Both Constance Spry's and David Herbert's creations are boiled cakes – which, as I discovered during my Christmas cake period, sadly doesn't mean the entire thing is boiled rather than baked, but simply that the butter and sugar are heated together, before they are combined with the other ingredients. With the exception of David Lebovitz, the others all go for the more common creaming method, where the butter and sugar are beaten together before the eggs and flour are folded in.
The boiled cakes, such as Lebovitz's, which uses oil in place of butter, are all surprisingly moist, fluffy and light, but I think the strong flavour of ginger needs grounding with the denser, heavier crumb you can only get with the creaming method. Boiled cakes are often touted as quicker and easier, but as long as you have an electric beater or a food mixer, this is no longer true. Hurrah for technology, eh?
Mr Bower adds oatmeal to his cake. Unfortunately it strikes me, as I begin to mix up his recipe, having lined the tin and heated the oven, that it's actually not a cake at all, despite the name, but gingerbread, a distinction perhaps less strict in 1930s Yorkshire. And so it proves, when it comes out of the oven, some two hours later. In fact, the baking instructions have also been lost in translation because it's definitely overcooked: a crumbly peppery gingerbread quite out of place in this array of juicy, fluffy spice. Sorry Herbert, I haven't really done you proud at all.
Ginger isn't enough for many of these recipes: Geraldene Holt includes cinnamon, David Herbert mixed spice, and David Lebovitz an appropriately medieval mixture of cloves, cinnamon and black pepper. These all work well together, but I'm single-minded in my pursuit of a clean, fierce gingery flavour: anything else is a mere distraction.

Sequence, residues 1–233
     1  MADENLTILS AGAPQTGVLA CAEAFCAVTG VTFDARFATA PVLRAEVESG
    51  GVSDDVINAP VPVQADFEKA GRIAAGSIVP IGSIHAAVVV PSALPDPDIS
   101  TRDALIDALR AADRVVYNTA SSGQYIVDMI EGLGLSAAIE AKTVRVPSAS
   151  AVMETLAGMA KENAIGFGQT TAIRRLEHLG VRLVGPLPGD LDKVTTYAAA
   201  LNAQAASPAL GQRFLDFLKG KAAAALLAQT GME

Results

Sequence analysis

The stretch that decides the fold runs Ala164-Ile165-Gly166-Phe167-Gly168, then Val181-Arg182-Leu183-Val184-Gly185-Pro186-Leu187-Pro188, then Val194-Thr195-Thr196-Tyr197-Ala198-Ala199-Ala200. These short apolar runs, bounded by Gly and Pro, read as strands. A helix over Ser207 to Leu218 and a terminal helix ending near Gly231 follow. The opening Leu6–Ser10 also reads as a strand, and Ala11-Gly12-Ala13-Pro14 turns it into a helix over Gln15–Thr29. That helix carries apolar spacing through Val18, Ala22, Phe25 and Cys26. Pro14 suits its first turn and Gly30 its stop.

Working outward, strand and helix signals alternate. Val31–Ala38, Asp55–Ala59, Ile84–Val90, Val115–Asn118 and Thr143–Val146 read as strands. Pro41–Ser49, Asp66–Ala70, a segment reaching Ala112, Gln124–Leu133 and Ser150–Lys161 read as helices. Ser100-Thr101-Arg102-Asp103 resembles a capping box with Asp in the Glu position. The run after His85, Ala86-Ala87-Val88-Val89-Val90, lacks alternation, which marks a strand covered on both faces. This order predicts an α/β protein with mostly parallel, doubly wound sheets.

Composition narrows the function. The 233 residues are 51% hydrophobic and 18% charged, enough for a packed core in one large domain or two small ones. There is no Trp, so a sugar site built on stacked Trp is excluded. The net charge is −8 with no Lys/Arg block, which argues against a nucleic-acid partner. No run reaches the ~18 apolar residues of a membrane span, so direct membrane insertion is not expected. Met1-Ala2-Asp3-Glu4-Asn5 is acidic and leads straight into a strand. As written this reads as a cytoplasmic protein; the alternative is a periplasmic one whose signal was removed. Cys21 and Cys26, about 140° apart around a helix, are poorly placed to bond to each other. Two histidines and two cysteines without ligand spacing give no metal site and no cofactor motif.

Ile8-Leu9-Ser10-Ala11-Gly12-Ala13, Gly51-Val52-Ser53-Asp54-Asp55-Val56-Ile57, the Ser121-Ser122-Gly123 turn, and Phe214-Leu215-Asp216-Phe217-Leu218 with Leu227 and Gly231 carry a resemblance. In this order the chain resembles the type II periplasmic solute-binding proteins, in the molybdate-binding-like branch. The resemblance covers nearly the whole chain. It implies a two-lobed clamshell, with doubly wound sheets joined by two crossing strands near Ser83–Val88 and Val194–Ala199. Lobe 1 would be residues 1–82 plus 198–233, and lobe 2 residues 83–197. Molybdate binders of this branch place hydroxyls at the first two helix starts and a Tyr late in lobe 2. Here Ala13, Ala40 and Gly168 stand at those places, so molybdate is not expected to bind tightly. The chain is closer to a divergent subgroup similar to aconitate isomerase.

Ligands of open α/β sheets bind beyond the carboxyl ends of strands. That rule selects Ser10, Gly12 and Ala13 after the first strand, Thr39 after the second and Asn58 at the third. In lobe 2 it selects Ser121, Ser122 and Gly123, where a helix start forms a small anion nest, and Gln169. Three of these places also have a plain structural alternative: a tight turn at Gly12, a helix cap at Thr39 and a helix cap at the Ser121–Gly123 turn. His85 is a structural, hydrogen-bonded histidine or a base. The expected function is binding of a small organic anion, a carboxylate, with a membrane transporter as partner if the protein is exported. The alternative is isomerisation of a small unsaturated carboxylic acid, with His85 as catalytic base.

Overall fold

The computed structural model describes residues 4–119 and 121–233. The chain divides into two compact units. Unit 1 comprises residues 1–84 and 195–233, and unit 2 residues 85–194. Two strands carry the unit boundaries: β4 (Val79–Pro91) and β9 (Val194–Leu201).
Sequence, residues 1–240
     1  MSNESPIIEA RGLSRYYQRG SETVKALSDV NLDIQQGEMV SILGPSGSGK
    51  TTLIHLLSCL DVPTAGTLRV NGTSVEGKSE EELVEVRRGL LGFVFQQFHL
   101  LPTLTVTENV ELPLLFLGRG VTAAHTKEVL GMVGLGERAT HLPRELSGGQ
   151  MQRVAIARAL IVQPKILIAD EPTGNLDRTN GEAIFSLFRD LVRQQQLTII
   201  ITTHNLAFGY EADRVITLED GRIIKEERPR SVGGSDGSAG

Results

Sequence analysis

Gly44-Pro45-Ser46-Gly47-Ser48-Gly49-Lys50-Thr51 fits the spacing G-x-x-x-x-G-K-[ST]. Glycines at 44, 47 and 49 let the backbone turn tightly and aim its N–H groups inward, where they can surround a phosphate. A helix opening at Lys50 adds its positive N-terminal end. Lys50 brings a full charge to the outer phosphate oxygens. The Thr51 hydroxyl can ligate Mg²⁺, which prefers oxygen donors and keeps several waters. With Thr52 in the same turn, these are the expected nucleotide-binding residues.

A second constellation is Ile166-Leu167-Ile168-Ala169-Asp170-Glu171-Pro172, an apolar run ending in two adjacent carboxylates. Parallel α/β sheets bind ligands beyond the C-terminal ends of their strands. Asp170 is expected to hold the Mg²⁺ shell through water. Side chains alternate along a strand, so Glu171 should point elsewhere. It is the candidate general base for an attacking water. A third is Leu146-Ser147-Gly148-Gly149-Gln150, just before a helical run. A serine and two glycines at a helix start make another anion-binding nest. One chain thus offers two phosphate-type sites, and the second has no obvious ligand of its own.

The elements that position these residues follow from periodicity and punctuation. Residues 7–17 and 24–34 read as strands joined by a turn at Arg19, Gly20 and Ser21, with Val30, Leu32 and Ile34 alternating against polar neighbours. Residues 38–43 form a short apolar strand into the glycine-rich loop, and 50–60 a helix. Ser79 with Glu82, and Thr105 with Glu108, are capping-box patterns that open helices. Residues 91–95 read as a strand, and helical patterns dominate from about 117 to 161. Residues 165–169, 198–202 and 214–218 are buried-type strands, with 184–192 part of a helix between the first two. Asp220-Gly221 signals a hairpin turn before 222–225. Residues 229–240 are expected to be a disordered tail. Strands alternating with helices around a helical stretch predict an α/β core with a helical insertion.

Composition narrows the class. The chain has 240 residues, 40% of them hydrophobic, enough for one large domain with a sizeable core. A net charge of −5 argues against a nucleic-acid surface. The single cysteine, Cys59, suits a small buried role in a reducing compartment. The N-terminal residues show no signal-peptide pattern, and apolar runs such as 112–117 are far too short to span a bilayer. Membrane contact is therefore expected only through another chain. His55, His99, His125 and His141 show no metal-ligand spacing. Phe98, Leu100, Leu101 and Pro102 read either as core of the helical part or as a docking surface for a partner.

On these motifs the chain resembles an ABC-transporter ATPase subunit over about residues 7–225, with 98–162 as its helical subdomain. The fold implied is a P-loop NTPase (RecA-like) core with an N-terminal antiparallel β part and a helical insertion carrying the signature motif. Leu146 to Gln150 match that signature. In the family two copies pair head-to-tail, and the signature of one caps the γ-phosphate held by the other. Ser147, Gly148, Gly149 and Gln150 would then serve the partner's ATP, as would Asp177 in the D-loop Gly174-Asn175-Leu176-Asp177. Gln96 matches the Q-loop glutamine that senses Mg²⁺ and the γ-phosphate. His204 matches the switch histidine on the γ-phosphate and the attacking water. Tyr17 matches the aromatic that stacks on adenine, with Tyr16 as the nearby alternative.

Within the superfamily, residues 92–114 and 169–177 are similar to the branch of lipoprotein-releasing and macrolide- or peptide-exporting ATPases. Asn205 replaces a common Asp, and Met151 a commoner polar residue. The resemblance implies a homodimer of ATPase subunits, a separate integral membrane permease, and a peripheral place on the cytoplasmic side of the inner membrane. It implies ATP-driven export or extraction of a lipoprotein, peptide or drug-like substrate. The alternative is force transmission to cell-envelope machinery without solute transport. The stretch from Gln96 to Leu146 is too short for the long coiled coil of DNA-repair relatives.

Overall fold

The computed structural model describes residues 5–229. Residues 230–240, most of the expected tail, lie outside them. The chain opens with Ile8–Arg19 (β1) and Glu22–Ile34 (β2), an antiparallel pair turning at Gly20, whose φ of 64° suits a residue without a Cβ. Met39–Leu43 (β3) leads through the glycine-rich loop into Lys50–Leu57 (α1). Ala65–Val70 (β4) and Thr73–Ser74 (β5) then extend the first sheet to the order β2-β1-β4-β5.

Spry and Delia Smith both use ground almonds in the cake mixture, while she and Geraldene Holt fold in dried fruit: Spry raisins, Herbert chopped prunes and mixed peel. All of these things, combined with the dark, stickiness of the cake itself, are rather too reminiscent of Christmas cake for my liking. Save the dried fruit for the Dundee, or the Genoa: ginger cake needs none of it.
To finish his cake, David Herbert drizzles it with ginger syrup, while Delia opts for a simple lemon icing. Much as I love syrup, my cake is quite sticky enough already, and the crackle of biting into proper icing is too wonderful to resist. Because I'm a purist, I've gone for a ginger icing instead, using ginger wine, as suggested by Diana Henry in quite another cake entirely, and stuck a slug of the wine into the cake mix as well for good measure. Keep it simple. Embrace the ginger. It can only make you feel better.
Perfect ginger cake
100g butter, plus extra to grease
100g dark muscovado sugar
175g self-raising flour
4 tsp ground ginger
175g golden syrup
3 tbsp ginger wine
2 free-range eggs, beaten
Walnut-sized piece of fresh ginger, peeled and finely grated
150g candied ginger, finely chopped
75g icing sugar
1 piece of stem ginger, to decorate
1. Preheat the oven to 160C and grease and line a 23cm loaf tin. Cream together the butter and sugar with a pinch of salt until fluffy. Sift together the flour and ground ginger.
2. Pour in the golden syrup (the easiest way to handle the syrup is with a lightly greased spoon and a silicone spatula) and 1 tbsp wine and mix to combine.
3. Beat in the eggs, a little at a time, then gradually mix in the flour. Finally, stir through the fresh and candied ginger and spoon into the prepared tin. Level the top and bake for about 50–60 minutes until a skewer inserted into the centre comes out clean.
4. Allow to cool in the tin. When it's completely cool, make the icing by mixing together the icing sugar and remaining ginger wine and drizzle over the top of the cake. Slice the stem ginger thinly and arrange down the centre of the cake.
Is ginger the king of winter cakes, or do you have another favourite companion for a cup of tea at this time of year? And what are your other favourite ginger recipes, both sweet and savoury?